from Per Caritatem by Cynthia R. Nielsen
Notes  Cf. Kenelm Foster, O.P., The Two Dantes and Other Studies (Berkeley: Univ. of California, 1977), pp. 137-253 and Robert Hollander, “Tragedy in Dante’s Comedy,” Sewanee Review 91(1983): 240-60.
 Cf., H.L. Stewart. “Dante and the Schoolmen,” Journal of the History of Ideas, Vol. 10, No. 3 (June 1949): 357-373.
 This suggestion is not meant to speak pejoratively of either Luther or Kierkegaard-here I have in mind Kierkegaard’s own views on faith and reason as presented in his writings under his own name (e.g., Training in Christianity) and not the views set forth by his various personae (e.g., Johannes de Silentio). Contrary, to the all-too-common caricature of Luther as the great adversary of (natural) reason, I tend to follow Heiko Oberman’s interpretation of Luther as presented in his book, Dawn of the Reformation. Grand Rapids: Eerdmans, 1992.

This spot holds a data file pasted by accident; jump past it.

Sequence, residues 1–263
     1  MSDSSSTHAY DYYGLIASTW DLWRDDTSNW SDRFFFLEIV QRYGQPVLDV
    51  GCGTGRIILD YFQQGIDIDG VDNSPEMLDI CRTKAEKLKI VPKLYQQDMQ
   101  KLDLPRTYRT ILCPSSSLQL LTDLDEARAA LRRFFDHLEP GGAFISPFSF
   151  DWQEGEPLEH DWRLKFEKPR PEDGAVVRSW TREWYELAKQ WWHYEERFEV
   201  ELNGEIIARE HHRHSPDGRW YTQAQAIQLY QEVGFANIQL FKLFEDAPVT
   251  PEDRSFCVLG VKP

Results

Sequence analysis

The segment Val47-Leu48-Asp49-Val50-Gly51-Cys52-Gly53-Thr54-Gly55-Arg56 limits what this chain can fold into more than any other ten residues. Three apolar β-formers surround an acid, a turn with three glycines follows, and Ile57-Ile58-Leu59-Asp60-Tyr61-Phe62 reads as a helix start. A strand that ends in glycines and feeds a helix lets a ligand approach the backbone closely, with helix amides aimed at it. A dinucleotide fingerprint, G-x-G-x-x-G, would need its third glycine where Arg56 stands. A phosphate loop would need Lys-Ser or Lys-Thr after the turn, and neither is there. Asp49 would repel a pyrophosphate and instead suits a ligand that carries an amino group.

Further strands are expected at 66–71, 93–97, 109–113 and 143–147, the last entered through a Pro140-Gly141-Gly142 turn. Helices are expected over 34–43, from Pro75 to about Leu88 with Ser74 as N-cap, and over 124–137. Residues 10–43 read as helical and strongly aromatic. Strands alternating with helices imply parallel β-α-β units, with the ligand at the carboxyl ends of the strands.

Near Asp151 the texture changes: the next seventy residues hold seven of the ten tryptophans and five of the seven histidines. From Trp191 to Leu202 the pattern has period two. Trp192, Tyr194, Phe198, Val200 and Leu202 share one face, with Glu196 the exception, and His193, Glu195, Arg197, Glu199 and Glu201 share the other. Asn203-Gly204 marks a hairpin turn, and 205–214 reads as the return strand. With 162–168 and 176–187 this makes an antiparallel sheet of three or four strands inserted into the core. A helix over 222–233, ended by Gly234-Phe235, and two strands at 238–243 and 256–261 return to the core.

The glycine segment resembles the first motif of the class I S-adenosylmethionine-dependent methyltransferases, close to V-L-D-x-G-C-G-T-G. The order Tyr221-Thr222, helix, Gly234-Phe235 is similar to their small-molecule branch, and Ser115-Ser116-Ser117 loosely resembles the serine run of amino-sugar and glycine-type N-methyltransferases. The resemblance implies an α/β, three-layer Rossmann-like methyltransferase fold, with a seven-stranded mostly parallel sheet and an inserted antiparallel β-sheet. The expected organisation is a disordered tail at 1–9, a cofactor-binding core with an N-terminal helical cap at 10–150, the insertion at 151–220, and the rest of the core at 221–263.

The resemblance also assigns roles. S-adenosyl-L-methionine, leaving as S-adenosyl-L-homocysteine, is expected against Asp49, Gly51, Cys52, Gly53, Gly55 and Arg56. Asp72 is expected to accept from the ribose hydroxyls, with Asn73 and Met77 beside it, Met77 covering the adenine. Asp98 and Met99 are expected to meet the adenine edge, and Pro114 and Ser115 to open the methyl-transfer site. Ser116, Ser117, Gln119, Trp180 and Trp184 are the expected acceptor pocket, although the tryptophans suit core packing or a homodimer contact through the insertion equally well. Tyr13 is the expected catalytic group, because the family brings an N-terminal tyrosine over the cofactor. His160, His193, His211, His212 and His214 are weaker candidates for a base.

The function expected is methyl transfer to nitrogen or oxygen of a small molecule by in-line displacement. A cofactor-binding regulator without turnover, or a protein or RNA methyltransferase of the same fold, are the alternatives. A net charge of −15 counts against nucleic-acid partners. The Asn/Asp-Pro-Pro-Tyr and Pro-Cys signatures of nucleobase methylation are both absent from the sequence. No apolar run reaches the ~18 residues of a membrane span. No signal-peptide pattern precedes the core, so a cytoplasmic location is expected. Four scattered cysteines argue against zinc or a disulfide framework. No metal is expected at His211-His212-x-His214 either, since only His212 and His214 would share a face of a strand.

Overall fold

Given time constraints, I have focused mostly on passages from Purgatorio. Seeing that I have not yet completed my reading of the Purgatorio, nor have I read the Paradiso, my account as it stands may (and likely will) need revision.